Last year’s Adults’ Media Use and Attitudes Report from Ofcom, revealed that there has been an increase in the number of adults going online since 2012, particularly those over the age of 65. This shift in demographic represents a massive source of untapped revenue for retailers and service providers, not least because this age group often have the money as well as the time to purchase online. However, according to a recent Criteo survey investigating consumer’s attitudes and behaviours towards advertising, browsing and shopping online, many advertising campaigns are failing to appeal to consumers over the age of 45, let alone those in the 65+ bracket.
In general, the survey results found that those aged over 55 are frustrated by the adverts they view online; they find them irrelevant and intrusive. Not surprisingly more than 65% said they would like to get rid of advertising all together. It would appear that not only are brands failing to engage with older users, but advertisements could stimulate negative associations with brand messaging and ad content. To combat this and capitalise on the ‘silver pound’, brands need to adopt a personalised approach, in order to serve timely and relevant ads that appeal to those of a certain age.
To date many advertisers have taken a one size fits all approach and this was reflected through the survey results. It has not taken long for many to realise though, that this does not work. Silver Surfers cannot be treated the same as millennials. Indeed figures published by eMarketer found there was a clear divide between younger (under 45) and more mature generations (45 and over), with the latter requiring an even more personalised approach when it comes to advertising.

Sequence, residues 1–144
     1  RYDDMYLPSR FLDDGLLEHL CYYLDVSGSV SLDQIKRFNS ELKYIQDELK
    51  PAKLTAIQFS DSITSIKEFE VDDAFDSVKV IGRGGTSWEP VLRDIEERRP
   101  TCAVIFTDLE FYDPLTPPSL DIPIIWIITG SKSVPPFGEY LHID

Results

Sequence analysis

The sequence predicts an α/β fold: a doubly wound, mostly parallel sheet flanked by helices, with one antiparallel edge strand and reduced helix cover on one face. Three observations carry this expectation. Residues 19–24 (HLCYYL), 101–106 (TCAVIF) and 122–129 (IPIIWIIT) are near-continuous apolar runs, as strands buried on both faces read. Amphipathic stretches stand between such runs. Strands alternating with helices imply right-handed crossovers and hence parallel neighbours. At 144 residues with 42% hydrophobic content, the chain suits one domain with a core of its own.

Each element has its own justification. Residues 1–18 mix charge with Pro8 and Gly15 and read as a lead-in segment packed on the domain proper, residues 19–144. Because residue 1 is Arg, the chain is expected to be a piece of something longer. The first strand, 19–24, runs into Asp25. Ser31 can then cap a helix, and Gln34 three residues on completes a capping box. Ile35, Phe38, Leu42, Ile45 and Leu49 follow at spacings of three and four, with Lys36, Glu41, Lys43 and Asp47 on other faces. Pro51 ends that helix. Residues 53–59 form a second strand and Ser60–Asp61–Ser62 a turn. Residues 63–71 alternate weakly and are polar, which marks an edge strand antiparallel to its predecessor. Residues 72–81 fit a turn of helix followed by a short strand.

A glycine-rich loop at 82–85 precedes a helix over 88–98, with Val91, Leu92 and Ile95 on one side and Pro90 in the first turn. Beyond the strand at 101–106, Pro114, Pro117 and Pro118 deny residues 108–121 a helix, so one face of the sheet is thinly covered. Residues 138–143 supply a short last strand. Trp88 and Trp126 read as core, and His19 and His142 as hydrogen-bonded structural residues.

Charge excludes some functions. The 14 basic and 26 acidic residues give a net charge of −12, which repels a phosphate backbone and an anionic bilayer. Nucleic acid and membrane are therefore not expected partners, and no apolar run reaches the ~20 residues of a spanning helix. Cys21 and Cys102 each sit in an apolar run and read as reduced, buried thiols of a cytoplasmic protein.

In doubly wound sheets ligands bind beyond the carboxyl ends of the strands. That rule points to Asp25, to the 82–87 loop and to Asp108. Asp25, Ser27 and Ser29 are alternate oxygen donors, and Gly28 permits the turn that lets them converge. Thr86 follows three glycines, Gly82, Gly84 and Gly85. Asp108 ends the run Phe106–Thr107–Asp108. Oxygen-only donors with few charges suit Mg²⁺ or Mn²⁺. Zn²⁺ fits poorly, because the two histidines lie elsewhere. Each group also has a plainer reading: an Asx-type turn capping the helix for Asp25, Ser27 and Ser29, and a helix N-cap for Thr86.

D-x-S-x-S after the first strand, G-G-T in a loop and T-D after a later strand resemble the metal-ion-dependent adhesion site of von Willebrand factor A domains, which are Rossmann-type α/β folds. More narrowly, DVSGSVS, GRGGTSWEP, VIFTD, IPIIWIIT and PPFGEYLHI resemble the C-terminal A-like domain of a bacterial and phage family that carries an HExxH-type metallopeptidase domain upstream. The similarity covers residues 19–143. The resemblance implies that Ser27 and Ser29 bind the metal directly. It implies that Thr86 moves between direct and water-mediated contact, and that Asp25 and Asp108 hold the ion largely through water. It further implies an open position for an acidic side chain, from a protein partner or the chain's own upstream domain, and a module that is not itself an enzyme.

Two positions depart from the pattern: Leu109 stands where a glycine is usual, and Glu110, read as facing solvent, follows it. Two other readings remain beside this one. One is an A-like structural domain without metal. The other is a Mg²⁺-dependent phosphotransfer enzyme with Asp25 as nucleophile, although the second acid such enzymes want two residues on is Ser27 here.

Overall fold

In fact, the survey results went on to identify some key differences in demographics – all of which need to be considered when marketers are designing campaigns. For example, a third of 16-24 year olds have a strong positive reaction to attractive imagery in online advertising, but only a tenth of over 55s feel the same; 16-24 year olds were almost twice as receptive to ad placements on non-familiar websites, with the over 55s preferring ads on site the know and trust.
Something else for marketers to consider is how the older generation acknowledges adverts online. The results show they are much more prone to noticing an advert on a webpage they have visited before, rather than on a website they were visiting for the first time. This is in stark contrast to the younger generations who tended to notice an advert as long as it was relevant, no matter the website. Again, this is a huge endorsement for ad personalisation rather than spray and pray tactics.
Thankfully for Silver Surfers, marketers are making changes – adverts are becoming more relevant with the survey results showing 11% of those over 55 finding ads more relevant now than a year ago. This is only a small improvement and significantly lower than that of the figure for 16-24 year olds (46.6%), but it is an improvement nevertheless. We can’t stop there though – more needs to be done. Brands need to think about the individual, delivering relevant, timely bespoke ads to will engage both the grandparents among us and those still in their teens.